Leave Me Alone, Autocorrect!

Leave Me Alone Autocorrect

As technology has become an intrinsic part of our life, there is no shortage of existential questions about the implications of the massive shift we have experienced over the last couple of decades and what’s in store going forward. Luckily, our devices are also an abundant source of comic relief, not least for those of us who juggle with more than one language day in, day out.

Take overzealous autocorrect for example. We have all seen it distort our meaning in unexpected, surreal ways, sometimes beyond comprehension, just because of a tiny typo. My favorite case in point? The following text message I received from a coworker not so long ago: “Sure. I’m lesbian in 5 mins” I suppose she meant to say she was about to leave — the place where she was, not her sexual orientation.

Typos probably happen more often to people who write in a language that is not their native one, which is the case for both this coworker and myself, but maybe not so much after all, as we are all clumsy at times, and a bit more reliant on spellcheck than we should for our own good.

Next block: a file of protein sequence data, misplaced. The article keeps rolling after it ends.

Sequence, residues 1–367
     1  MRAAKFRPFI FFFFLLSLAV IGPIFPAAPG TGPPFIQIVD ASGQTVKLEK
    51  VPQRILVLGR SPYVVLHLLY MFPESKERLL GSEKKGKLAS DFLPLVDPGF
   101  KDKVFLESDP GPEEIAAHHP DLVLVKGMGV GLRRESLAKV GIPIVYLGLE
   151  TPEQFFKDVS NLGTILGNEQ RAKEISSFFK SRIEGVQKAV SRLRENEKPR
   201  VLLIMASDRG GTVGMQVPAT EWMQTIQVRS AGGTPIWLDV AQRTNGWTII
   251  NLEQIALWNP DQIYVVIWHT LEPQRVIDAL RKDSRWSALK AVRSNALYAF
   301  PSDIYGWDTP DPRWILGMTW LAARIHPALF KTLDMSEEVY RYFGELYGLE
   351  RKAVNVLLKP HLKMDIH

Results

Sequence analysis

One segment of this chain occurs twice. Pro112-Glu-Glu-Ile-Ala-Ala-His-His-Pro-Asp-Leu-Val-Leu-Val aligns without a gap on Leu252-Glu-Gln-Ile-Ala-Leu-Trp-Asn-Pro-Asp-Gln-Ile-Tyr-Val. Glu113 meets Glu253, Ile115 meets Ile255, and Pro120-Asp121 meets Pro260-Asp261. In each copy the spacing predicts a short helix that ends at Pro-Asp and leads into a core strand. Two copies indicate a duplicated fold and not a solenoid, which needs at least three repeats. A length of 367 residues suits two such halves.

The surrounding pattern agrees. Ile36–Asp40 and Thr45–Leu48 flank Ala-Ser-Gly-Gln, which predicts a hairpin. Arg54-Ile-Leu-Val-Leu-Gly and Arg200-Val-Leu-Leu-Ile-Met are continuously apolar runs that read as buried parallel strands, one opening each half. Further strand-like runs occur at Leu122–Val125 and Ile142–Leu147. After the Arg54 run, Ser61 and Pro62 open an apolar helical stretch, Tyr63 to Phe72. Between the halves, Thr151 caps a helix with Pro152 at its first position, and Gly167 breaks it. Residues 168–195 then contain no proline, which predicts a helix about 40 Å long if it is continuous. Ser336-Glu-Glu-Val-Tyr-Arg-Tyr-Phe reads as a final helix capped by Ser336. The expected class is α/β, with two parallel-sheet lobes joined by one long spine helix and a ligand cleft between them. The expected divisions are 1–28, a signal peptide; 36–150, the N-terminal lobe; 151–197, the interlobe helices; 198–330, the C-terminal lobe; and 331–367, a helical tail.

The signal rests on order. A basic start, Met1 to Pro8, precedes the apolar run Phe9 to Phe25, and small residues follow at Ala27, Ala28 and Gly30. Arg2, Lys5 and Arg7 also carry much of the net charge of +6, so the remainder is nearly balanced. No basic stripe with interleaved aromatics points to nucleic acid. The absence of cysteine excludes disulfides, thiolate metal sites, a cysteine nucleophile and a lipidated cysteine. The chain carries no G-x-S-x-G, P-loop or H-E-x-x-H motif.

It gets a bit trickier anyway when you regularly switch from one language to another, as autocorrect features don’t seem to be (yet) able to adjust to that kind of pattern change. I have lost count of French words “corrected” to English ones, and vice versa, in my messages. In a monolingual setup, autocorrect is a helpful, though occasionally clueless, friend. In a multilingual context, this friend’s interference lacks some elementary restrain…

Now, multilingualism-cum-technology is an entirely different game, of course, if you navigate between different alphabets, as is the case for Appa and Minette. I always enjoy seeing message in Tamil pop up on Appa’s phone. Which means technology has also made this possible.

As for automated translation, I am told it has substantially improved, but I find it hard to believe when I receive marketing emails from French food producers in English or when I come across translated recipes on their websites. In culinary French clarifier un œuf means to separate an egg yolk from its white. The other day I found the following step in a translated recipe: Clarify the eggs. Almost zen poetry, if you ask me.

Even though I value words chosen carefully and used efficiently, there are some really fun moments to be had at the intersection of languages, human sloppiness, and technological shortcuts. And don’t even get me started on how often voice recognition systems are confused by my French accent!

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